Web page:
ARRIVAL OF A BLOCKADE RUNNER. - The Bu[ffalo] Courier mentions the arrival at that place, in [two] parts, towed by a tug, of the steamer Chicora, [used as] a blockade runner during the war. She was built [at] Liverpool, in 1864, by C. W. Weller & Co., and [her] general appearance is that of a rakish and fast-g[oing] vessel, with very fine lines fore and aft, with [round] cutwater and round stern - built especially for [fast] running. Her hull is of iron, and she is pecul[iarly] constructed. Her dimensions are 230 feet [keel], beam of hull 26 feet, beam extreme over pa[ddle] boxes 46 feet, depth of hold 11 feet 8 inches. She is worked by two oscillating engines, [of 52] inch cylinder and 4 feet stroke, and of [?] horse power nominal. Her engines were built [by] Fawcett & Preston, one of the oldest and first b[uilders] of marine engines in England. She has [?] large tubular boilers, with 410 tubes in each bo[iler,] four furnaces to each boiler, and works un[der] general low pressure of forty-five pounds of s[team]. She is built in seven water-tight compartments, [and] fitted up with extra steam pumps, which can at [any] time, be connected with one or all of the compartments at pleasure. At the close of the late war, [she] was taken to Halifax, N.S., where she lay [until] purchased by her present owners, Messrs. [K?] & Co., of Toronto, C. W., last fall, with the in[ten]tion of fitting her up as a first-class passenger bo[at to] run between Collingwood and Fort William, Lake Superior, touching at intermediate ports. She [has] been brought to Buffalo for alterations, and wi[ll go] into Bidwell & Mason's dry dock for this purpose.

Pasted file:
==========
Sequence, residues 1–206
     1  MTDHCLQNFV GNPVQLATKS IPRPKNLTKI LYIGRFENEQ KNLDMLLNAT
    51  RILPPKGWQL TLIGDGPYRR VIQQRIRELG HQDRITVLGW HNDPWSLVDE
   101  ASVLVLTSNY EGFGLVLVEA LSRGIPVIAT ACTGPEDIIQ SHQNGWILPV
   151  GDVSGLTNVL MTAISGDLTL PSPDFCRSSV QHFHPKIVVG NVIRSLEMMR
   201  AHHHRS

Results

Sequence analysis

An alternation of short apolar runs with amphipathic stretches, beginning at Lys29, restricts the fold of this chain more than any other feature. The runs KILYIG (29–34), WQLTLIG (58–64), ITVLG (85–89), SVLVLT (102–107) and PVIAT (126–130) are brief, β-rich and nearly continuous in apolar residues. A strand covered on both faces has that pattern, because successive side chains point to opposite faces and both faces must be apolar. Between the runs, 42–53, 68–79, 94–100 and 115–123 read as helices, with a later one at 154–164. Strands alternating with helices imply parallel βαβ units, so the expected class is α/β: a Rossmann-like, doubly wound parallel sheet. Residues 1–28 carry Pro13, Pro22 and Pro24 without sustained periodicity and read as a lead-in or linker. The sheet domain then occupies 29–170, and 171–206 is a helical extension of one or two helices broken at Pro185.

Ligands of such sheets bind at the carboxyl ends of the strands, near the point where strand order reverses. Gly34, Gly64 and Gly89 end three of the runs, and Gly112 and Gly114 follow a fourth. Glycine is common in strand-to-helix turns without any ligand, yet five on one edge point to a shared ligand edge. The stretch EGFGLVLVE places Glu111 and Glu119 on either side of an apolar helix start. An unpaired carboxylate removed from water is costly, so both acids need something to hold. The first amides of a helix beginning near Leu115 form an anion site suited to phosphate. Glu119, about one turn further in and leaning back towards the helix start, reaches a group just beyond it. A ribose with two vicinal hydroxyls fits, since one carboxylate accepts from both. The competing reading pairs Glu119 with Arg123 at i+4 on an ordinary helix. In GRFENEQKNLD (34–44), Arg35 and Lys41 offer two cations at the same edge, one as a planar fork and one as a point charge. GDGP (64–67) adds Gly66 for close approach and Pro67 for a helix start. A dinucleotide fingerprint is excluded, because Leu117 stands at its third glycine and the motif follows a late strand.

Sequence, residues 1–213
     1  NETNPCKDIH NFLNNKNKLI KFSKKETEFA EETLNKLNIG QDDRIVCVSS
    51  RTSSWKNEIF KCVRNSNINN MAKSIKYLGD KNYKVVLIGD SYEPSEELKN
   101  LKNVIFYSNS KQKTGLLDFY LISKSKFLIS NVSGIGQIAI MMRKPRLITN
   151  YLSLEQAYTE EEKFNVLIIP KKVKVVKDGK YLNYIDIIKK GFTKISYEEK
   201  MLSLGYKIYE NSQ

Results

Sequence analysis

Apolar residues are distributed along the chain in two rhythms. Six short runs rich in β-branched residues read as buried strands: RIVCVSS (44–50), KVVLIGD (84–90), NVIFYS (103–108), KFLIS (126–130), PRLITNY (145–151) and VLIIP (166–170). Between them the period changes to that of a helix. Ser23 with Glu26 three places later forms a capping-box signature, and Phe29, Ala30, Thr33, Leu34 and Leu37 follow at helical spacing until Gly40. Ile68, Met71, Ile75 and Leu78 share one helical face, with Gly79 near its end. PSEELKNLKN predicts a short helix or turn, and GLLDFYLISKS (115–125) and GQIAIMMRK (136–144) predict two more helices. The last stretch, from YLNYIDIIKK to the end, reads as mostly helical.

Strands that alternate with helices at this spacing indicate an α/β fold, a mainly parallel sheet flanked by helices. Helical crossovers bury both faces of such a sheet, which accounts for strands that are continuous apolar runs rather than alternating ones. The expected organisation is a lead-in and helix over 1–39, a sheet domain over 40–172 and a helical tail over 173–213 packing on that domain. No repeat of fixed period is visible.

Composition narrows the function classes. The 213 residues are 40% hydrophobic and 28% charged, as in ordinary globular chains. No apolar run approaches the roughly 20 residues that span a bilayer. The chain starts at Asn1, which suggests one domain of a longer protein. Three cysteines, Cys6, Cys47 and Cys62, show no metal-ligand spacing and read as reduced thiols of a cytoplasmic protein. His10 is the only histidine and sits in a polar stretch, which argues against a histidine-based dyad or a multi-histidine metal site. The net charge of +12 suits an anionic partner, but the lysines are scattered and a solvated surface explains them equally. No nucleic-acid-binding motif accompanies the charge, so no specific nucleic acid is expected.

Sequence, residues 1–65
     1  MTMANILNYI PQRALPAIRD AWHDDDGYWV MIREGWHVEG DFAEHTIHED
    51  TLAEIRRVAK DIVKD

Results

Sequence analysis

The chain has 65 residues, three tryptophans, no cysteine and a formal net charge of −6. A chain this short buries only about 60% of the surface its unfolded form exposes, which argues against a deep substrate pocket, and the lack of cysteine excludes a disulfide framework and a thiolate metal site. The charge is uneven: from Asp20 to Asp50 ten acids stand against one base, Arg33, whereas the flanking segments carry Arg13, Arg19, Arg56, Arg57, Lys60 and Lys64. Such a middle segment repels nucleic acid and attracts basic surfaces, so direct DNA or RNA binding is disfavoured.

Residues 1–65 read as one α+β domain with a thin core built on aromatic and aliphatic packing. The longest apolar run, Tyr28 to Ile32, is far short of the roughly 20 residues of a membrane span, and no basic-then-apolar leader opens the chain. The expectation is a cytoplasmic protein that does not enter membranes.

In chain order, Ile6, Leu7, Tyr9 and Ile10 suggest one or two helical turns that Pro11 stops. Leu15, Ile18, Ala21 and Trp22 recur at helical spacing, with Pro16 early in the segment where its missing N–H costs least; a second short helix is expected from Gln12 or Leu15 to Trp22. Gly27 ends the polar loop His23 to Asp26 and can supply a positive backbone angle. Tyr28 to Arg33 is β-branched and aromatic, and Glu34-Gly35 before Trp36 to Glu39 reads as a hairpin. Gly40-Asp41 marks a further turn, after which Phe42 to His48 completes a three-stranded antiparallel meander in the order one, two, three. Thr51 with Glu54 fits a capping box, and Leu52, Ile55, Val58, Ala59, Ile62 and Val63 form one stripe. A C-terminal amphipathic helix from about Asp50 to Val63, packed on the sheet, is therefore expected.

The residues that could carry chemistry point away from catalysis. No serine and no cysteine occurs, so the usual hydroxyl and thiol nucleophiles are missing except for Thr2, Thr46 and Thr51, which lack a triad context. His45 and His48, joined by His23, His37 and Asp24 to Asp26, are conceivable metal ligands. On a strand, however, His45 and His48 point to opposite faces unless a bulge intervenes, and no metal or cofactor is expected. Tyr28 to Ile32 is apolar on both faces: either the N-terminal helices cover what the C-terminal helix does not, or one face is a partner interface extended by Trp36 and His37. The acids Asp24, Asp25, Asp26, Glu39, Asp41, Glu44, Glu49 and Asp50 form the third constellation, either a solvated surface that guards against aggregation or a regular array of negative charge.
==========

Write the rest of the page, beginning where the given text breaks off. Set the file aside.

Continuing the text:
It is expected that she will be ready for business in about a month. When finished she will have [an] entire sponsing deck running around her, and [new] cabins, and will then be a first-class passenger [boat]. She is fore and aft schooner rigged, and will [?] canvass, and will be able to make from sixteen to eighteen miles an hour. It was necessary to cut [her] in two, so that she could pass through the St. Lawrence and Welland Canals, and she was accordingly cut between two of the water-tight compartments. David Bell, Esq., has charge of the work of pu[tting] her back together.